The Impulsivity subscale measures the respondent's awareness of the degree to which anger leads to impulsive behavior.

John received an ADS Impulsivity percentile of 90, indicating moderate anger pathology in this area. A score of this magnitude suggests that his anger may lead to impulsive behavior that has negative consequences. John's score reflects impulsivity, beliefs in the inability to control anger, and thoughts of losing control when angry. High scores on this subscale are often related to high scores on the Physical Aggression subscale. Treatment should focus on building impulse control skills. Anger management training, including self-instructional training that involves the rehearsal of coping statements when exposed to imagined anger triggers, should be considered. Some respondents who score high on this subscale may spend a great deal of energy avoiding possible anger-provoking events for fear of losing control. Teaching appropriate expression of anger could be part of the treatment plan for such individuals.

Coercion: T-score=61, Percentile=86

John received an ADS Coercion percentile of 86. A score of this magnitude suggests mild anger pathology in this area.

Verbal Expression: T-score=54, Percentile=77

The Verbal Expression subscale measures the tendency of the respondent to insult, threaten, engage in loud arguments with, or make subtly insulting or sarcastic comments toward others.

Anger-In Higher Order Factor: T-score=53, Percentile=61

John received an ADS higher order Anger-In factor percentile of 61, indicating no significant anger pathology in this area.

Hurt/Social Rejection: T-score=76, Percentile=98

The Hurt/Social Rejection subscale assesses the degree to which hurt or social rejection elicits anger episodes.

John received an ADS Hurt/Social Rejection percentile of 98, indicating severe anger pathology in this area. A score of this magnitude suggests that he may be sensitive to criticism, have many interpersonal problems, and may experience comorbid or alternating depression. John may be too sensitive to criticism and respond to criticism with denial and by blaming the targets of his anger. Respondents who score high on this subscale may also score high on the Suspiciousness subscale. Treatment should focus on cognitive restructuring to develop different interpretations of negative or neutral feedback from others.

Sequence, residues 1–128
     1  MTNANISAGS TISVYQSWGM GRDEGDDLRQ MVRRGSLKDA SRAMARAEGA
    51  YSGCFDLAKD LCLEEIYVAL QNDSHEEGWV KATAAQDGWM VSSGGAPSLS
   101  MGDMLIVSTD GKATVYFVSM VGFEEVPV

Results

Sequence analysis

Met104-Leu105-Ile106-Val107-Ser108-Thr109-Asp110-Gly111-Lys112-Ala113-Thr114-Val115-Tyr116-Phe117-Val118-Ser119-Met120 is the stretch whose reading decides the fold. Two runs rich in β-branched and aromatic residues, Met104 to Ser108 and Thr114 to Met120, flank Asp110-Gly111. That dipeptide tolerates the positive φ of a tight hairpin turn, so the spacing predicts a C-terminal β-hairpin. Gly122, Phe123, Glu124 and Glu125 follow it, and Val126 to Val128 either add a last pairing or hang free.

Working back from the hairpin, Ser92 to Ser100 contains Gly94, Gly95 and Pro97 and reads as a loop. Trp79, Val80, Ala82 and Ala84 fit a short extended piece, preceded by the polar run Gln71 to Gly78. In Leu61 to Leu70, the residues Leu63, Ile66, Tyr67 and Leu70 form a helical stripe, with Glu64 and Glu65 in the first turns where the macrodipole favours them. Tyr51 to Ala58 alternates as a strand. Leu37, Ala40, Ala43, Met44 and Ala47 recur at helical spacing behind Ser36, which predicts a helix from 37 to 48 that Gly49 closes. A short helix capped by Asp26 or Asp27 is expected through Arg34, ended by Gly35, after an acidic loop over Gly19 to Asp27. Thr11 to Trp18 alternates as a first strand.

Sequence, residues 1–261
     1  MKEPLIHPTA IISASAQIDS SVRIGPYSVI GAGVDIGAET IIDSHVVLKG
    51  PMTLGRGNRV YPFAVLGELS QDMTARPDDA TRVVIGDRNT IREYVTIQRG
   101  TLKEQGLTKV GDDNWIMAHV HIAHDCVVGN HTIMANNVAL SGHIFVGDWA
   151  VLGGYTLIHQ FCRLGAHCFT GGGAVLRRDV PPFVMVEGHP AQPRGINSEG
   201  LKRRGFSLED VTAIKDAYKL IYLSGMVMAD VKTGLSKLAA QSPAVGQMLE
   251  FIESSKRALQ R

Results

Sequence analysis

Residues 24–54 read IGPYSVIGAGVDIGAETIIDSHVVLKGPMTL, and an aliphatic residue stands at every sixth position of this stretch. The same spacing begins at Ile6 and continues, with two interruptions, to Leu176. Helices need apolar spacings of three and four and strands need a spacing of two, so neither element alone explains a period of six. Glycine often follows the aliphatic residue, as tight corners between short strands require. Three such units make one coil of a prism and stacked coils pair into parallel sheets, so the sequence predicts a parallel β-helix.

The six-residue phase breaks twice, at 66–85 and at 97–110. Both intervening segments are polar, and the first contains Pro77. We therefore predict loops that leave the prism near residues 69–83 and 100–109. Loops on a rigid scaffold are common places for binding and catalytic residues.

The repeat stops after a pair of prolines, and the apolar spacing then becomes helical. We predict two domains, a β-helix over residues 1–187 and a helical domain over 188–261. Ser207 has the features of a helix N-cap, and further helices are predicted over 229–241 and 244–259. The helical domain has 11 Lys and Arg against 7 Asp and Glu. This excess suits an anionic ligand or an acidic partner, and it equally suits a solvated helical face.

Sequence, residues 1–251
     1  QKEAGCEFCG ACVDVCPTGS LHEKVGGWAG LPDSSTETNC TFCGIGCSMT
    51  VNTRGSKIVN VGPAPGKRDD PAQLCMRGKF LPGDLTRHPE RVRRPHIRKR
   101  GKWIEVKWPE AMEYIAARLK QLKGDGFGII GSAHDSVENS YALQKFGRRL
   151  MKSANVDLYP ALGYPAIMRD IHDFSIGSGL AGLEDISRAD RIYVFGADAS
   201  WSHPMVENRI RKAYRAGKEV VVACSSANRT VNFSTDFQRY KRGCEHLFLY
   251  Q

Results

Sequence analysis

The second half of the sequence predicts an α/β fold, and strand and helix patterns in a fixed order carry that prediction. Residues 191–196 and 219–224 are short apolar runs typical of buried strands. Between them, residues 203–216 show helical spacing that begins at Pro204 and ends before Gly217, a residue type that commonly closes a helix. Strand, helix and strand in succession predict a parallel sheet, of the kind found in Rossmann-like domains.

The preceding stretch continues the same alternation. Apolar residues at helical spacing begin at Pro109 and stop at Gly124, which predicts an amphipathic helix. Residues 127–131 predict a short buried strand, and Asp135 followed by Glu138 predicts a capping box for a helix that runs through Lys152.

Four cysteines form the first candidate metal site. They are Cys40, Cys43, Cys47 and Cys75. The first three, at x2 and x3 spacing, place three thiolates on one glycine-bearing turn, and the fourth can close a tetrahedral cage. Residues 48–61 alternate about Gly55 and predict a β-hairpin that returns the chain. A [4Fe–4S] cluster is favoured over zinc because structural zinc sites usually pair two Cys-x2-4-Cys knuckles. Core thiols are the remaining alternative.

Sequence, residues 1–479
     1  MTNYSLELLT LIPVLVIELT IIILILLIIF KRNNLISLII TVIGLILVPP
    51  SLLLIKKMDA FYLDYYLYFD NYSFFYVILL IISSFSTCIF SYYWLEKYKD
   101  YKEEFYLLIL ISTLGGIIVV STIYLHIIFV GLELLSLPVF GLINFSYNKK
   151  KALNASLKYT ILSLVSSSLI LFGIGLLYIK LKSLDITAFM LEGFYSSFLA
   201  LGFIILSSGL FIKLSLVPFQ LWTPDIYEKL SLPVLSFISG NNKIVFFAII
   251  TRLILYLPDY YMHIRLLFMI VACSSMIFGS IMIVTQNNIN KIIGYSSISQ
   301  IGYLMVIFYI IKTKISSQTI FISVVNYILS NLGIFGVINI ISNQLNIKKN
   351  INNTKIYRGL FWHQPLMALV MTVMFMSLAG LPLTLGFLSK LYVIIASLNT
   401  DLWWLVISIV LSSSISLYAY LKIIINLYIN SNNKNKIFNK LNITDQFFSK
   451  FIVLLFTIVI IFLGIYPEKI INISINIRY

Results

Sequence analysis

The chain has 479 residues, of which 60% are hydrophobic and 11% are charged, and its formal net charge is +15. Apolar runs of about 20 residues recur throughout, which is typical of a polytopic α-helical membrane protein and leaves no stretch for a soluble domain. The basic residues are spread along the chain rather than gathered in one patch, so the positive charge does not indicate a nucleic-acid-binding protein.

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The Anger-In higher order factor is a composite of the following subscales: Hurt/Social Rejection, Episode Length, Suspiciousness, Resentment, Tension Reduction, and Brooding.

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John received an ADS Verbal Expression percentile of 77. A score of this magnitude suggests mild anger pathology in this area.

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The Coercion subscale reflects the respondent's tendency to use anger to control others or to accomplish his/her desires in interpersonal relationships.

ADSTM Interpretive Report for John Sample

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Episode Length: T-score=41, Percentile=21

The Episode Length subscale measures the respondent's self-report of how long, on average, his/her anger episodes last.

John received an ADS Episode Length percentile of 21. Although this score indicates no significant anger pathology in this area, if John has problems with anger in other areas, a score of this range indicates that he may have quick acceleration but brief duration anger episodes, with a quick return to baseline arousal. He probably does not hate or ruminate about his anger triggers and will likely give up his anger easily. John is likely to be insensitive to others' reactions or responses to his anger and expect that others forgive him for verbal or physical aggression because his anger was short-lived. Treatment should focus on motivational interviewing strategies that focus on the negative consequence of anger outbursts. Also, self-instructional training that includes the rehearsal of coping statements when exposed to imagined anger triggers should be considered.

Suspiciousness: T-score=56, Percentile=72